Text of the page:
Re: Yet another X.400 vs SMTP question

"James (J.K.) Ko" <> Thu, 27 May 1993 15:09 UTC

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From: "James (J.K.) Ko" <>
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Subject: Re: Yet another X.400 vs SMTP question

I tend to agree with Erik that we will see more islands of email products 
and  protocols.  Indeed, X.400 (or OSI in that matter) failed because it 
came out too late and far too complex! The original idea was good 
but users just cannot wait for the perfect castle.  Users don't have
infinite time. They need something to work YESTERDAY. 

Here is what I see the problems:

Just take a look at the X.400 spec.: who is going to understand it?
And then there are so many holes in the spec. where users/implementors 
had to fill the holes. Many of these holes are LOCAL IMPLEMENTATION ISSUES!  
So where does it lead us to:  we see something called ECMA profile,
MAP/TOP Spec., and GOSIP profile...  yet another set of profiles!
More confusion!                 

Now comes the version issue: X.400 (88) is not compatible with X.400 (84).
Among other things, there is no such thing called p7,  message store,
or physical delivery in the X.400 (84) implementation. As a user, if 
you already invest in the X.400 (84) product, you are tossed.    
What does it tell us?  The technology is not stable.  Will users 
continue to invest on the technology?  The answer is obviously NO.   

Then there is a protocol conformance problem:  every X.400 product will
need to be certified and compliant with the local administrative authority.
That could take years to get the product certified.  As a user, why would
you want to do that? Why wasting my time on this while I can get something 
easy to work with and readily available. 

Also the ISO/CCITT spec. are usually driven by multi-government officials. 
It is a problem by itself.  Just take a look at the United Nations, you'll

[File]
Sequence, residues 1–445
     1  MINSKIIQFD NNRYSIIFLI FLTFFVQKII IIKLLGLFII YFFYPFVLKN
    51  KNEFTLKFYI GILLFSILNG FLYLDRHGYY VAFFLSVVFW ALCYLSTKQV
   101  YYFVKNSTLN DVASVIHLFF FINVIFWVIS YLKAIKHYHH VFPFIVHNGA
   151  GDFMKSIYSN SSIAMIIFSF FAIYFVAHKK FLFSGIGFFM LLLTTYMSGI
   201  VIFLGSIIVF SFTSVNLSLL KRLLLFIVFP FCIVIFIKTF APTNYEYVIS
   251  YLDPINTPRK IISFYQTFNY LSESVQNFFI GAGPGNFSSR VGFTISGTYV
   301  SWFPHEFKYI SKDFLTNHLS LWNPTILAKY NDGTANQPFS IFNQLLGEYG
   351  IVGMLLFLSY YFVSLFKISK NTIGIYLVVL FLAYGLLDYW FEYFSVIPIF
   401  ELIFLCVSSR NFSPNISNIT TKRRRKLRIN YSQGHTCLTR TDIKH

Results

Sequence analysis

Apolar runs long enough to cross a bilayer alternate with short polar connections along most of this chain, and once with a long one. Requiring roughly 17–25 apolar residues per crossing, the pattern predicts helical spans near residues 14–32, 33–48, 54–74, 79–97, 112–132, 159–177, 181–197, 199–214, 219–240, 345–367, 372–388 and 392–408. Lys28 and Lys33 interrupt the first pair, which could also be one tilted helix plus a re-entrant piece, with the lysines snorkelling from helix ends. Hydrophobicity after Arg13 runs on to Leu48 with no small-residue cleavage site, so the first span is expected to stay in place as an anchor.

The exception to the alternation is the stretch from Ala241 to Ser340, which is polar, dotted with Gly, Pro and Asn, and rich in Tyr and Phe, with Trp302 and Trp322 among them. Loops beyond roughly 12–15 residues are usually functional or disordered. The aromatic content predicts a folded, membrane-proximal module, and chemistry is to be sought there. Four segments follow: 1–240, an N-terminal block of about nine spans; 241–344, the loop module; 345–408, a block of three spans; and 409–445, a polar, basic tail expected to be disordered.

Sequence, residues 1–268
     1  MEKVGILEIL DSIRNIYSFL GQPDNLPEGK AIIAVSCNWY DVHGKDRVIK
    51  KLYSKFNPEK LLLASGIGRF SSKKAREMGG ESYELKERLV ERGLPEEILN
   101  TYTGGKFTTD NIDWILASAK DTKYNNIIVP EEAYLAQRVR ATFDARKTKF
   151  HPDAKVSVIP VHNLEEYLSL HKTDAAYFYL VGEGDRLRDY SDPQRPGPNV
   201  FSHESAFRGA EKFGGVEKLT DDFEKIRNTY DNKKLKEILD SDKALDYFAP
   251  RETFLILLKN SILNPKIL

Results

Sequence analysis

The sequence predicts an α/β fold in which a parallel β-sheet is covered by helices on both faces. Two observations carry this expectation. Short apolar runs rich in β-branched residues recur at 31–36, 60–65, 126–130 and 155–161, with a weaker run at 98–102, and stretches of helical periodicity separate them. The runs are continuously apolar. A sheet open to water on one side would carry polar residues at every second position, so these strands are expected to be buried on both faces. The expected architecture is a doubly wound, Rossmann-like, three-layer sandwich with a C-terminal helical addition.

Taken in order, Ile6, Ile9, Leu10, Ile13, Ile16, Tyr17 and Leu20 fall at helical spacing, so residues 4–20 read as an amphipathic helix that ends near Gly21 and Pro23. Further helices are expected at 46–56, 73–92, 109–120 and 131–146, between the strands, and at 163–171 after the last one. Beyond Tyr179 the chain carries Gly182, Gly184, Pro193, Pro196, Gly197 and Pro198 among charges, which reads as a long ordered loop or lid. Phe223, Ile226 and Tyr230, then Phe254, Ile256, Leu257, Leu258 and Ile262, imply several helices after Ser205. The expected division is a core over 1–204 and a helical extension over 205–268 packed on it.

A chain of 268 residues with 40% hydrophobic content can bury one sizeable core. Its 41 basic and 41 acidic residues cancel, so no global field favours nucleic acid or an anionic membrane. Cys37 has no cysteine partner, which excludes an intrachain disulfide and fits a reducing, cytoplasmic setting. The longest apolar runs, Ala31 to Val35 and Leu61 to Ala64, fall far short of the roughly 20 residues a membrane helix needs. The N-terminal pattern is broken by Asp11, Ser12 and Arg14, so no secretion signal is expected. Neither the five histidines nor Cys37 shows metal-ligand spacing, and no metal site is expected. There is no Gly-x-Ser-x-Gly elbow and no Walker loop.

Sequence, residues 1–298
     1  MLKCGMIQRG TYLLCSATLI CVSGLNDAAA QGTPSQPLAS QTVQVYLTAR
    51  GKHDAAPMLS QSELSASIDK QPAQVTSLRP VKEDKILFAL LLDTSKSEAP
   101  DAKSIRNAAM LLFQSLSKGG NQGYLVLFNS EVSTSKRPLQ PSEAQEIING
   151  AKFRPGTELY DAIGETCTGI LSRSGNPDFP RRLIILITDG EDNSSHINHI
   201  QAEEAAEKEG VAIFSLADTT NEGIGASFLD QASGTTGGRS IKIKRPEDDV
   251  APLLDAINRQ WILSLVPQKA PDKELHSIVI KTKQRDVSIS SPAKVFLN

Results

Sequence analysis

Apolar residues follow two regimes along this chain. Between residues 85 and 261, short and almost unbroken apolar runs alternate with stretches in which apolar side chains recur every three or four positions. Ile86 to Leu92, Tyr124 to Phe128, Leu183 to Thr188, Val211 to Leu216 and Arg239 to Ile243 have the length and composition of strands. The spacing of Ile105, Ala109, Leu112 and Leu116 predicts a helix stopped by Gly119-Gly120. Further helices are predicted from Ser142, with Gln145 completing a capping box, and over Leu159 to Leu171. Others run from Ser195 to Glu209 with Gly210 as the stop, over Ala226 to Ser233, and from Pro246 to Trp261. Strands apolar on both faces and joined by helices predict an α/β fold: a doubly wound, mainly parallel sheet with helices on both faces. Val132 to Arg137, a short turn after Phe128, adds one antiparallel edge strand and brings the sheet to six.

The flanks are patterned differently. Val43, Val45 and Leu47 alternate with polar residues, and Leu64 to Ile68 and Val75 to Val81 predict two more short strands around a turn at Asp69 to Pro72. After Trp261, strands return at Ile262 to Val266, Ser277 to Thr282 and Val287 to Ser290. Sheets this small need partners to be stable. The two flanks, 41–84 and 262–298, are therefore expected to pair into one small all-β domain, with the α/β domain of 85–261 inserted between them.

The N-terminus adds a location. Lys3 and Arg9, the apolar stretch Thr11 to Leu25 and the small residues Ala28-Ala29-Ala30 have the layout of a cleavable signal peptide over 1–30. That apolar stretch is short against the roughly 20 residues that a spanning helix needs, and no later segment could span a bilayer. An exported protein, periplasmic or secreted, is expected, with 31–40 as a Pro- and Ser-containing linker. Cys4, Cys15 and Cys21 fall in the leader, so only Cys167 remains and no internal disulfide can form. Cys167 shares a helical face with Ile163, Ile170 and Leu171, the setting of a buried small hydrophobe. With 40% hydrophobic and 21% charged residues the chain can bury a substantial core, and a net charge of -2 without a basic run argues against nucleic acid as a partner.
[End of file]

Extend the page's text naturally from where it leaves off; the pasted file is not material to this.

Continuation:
find how decisions are made.  It sure takes a long time to get things to 
approve. Also, it is the very nature of the computing technology where things 
change everyday.  Someone told me that technology obsolete in 18 months! 
By the time officials see the need for changes, it is already four years late. 
While the proposal has to go through the ballatting process, many vendors
are on to something else.  So, in a nutshell, the ISO/CCITT spec. is 
at least ten steps behind.  And the unfortuate part: the ISO/CCITT 
recommendations are, for the most part, still in the revised paper spec. 

On top of all these, ISO/CCITT specs. are too ambitious. It attempts to 
cover everything. But the reality is you can't cover everything. You can't
have one size suite for everybody.  No two men wear the same size.
Just look at the spec itself, you can run TP0 and TP4. And you can 
choose different level of session protocols. These specs also accommodate 
FAX, VOICE, IMAGE, and DATA.  And what do we get today?  We make it for 
data, and fax in some cases. But, what about image and voice? Well, 
maybe another 10 years!  

Despite the existance of GOSIP profile, you'll find vendors continue
to build their products with a note "GOSIP" compliance. Basically it
means it is still proprietary but with hooks builtin to the X.400 
gateways so that it will minimally support the government procurement

I don't want to say more about RFC822 because too many people talked 
about it already.  But I think ISO/CCITT should adapt the IETF approach
and make the ISO/CCITT specs more workable.